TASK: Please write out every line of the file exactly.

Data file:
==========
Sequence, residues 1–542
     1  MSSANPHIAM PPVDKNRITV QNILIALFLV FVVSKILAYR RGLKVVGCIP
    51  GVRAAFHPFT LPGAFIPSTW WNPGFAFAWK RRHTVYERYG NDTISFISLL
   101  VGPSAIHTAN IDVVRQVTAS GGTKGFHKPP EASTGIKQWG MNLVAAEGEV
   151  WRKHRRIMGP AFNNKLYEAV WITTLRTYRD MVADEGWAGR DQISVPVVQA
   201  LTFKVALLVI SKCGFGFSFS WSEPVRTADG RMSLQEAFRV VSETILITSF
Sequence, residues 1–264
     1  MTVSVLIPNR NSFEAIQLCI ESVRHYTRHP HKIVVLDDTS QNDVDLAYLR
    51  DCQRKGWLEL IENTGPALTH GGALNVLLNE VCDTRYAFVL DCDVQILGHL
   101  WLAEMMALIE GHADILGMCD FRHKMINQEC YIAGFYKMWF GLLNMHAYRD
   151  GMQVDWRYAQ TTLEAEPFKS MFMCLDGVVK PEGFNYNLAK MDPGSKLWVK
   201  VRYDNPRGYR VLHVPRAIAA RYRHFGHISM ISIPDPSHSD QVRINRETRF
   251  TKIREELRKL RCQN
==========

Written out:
Sequence, residues 1–542
     1  MSSANPHIAM PPVDKNRITV QNILIALFLV FVVSKILAYR RGLKVVGCIP
    51  GVRAAFHPFT LPGAFIPSTW WNPGFAFAWK RRHTVYERYG NDTISFISLL
   101  VGPSAIHTAN IDVVRQVTAS GGTKGFHKPP EASTGIKQWG MNLVAAEGEV
   151  WRKHRRIMGP AFNNKLYEAV WITTLRTYRD MVADEGWAGR DQISVPVVQA
   201  LTFKVALLVI SKCGFGFSFS WSEPVRTADG RMSLQEAFRV VSETILITSF
Sequence, residues 1–264
     1  MTVSVLIPNR NSFEAIQLCI ESVRHYTRHP HKIVVLDDTS QNDVDLAYLR
    51  DCQRKGWLEL IENTGPALTH GGALNVLLNE VCDTRYAFVL DCDVQILGHL
   101  WLAEMMALIE GHADILGMCD FRHKMINQEC YIAGFYKMWF GLLNMHAYRD
   151  GMQVDWRYAQ TTLEAEPFKS MFMCLDGVVK PEGFNYNLAK MDPGSKLWVK
   201  VRYDNPRGYR VLHVPRAIAA RYRHFGHISM ISIPDPSHSD QVRINRETRF
   251  TKIREELRKL RCQN